Russia’s Energy Minister Alexander Novak said yesterday that over the last six months, global crude oil supply has shrunk by 350 million barrels thanks to the production-cutting efforts of OPEC and its partners. Novak was speaking at a meeting of energy ministers in St. Petersburg to track the progress of the oil production cut deal that Russia and a number of other oil producers inked with OPEC late last year in a bid to enable an oil price recovery.
Novak, usually laconic, was a source of good news yesterday. He also told media that the world’s reserves of crude oil and petroleum products have now declined for the first time in three years while investments in oil and gas has inched up for the first time since 2014. This, the minister added, will help to avoid a deficit at some point in the future.
A number of analysts as well as industry insider—including the CEO of Aramco—have warned that the oil and gas sector should brace for a shortage resulting from insufficient investments in new production. Novak, however, seems to be quite optimistic about the medium-term future of oil supply.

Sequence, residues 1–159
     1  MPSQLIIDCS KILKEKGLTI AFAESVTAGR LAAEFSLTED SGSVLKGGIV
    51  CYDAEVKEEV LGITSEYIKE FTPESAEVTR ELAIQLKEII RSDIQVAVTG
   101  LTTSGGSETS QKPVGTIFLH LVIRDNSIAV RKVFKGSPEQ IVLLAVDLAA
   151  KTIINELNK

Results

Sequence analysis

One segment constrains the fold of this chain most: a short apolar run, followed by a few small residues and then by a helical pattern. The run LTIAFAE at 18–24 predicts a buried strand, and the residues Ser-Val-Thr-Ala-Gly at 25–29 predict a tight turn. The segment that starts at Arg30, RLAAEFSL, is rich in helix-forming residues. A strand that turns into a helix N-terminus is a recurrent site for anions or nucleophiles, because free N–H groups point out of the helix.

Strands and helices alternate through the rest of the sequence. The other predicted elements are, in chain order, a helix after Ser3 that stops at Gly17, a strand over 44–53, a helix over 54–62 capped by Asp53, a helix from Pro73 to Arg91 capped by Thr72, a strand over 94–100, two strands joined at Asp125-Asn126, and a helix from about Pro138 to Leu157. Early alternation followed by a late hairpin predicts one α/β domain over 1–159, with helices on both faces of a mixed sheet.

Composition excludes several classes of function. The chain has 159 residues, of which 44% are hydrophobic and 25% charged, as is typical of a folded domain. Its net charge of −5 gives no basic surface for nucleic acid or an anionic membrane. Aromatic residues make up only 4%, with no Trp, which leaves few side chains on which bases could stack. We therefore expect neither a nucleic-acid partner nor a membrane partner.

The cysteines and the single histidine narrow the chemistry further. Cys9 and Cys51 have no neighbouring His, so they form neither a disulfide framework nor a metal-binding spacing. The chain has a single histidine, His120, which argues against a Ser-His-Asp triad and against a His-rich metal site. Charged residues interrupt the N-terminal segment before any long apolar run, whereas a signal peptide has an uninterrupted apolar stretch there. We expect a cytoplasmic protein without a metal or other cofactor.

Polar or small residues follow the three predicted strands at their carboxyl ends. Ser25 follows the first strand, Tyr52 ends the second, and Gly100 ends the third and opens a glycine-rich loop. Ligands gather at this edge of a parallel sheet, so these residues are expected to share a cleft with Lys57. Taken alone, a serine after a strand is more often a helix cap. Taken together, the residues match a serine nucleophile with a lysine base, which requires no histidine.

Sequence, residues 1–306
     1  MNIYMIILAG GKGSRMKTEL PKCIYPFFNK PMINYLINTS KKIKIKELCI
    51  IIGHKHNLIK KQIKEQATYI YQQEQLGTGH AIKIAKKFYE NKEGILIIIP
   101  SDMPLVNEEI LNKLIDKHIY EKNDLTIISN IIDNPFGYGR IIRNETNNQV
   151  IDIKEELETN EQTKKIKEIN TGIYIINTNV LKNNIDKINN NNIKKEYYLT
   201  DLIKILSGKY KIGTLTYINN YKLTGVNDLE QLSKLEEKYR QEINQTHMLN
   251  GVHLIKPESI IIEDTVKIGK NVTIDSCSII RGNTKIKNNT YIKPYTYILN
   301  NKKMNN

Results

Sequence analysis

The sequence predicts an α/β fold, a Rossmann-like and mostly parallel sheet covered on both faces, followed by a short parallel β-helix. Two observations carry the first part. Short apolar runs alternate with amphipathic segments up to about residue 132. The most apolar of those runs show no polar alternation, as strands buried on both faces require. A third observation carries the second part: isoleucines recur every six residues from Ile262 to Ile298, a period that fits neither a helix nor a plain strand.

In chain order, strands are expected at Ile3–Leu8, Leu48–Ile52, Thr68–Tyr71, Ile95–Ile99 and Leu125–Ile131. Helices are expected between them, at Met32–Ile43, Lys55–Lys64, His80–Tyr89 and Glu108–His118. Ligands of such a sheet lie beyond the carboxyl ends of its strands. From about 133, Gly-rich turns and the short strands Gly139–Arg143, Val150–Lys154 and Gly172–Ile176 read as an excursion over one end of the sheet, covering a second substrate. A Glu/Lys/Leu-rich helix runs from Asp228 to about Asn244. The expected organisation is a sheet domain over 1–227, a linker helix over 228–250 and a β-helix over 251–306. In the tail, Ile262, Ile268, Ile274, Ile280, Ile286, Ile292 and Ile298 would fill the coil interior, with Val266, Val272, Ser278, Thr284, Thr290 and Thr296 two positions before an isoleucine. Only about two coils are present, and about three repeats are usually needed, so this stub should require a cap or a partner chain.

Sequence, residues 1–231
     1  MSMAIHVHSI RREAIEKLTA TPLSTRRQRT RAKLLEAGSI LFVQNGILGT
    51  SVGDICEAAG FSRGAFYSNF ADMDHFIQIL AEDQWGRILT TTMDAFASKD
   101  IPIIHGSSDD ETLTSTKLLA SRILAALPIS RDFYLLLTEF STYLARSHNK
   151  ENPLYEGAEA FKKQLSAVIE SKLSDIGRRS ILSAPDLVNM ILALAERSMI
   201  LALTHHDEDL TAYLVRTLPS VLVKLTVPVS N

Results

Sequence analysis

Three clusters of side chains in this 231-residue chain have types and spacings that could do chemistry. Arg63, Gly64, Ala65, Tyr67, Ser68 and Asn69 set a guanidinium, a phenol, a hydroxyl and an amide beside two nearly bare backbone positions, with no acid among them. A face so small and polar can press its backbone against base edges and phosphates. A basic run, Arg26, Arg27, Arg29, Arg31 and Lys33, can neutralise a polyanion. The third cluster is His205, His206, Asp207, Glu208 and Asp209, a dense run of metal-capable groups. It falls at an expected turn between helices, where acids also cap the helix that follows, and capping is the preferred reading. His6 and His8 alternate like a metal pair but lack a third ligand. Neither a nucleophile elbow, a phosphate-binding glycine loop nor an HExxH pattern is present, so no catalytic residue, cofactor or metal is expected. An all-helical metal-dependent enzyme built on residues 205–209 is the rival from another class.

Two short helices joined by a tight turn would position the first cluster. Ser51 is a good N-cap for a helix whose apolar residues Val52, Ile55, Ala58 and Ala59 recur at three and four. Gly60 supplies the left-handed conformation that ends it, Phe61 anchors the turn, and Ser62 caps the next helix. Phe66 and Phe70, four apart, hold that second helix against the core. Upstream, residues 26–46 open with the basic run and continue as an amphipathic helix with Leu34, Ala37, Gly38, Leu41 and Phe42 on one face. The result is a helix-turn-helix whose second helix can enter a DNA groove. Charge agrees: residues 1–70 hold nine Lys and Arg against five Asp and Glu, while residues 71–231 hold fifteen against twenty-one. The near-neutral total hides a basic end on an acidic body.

The St. Petersburg meeting also brought more good news to the market, which was immediately reflected in oil prices. Both Brent and West Texas Intermediate settled with gains of over 1 percent. Related: Energy Equities Hit Hard By Unstable Oil Prices
Nigeria said at the meeting it would stop ramping up its oil output when it hits a daily production rate of 1.8 million barrels, and Saudi Arabia pledged to cap daily exports at 6.6 million barrels from next month. That was the good news. The not-so-good news came yesterday from Iraq, which announced its plans to raise oil output to 5 million barrels daily by the end of the year. Also, Libya seems to have remained exempt from any production cuts for the time being.
By Irina Slav for Oilprice.com
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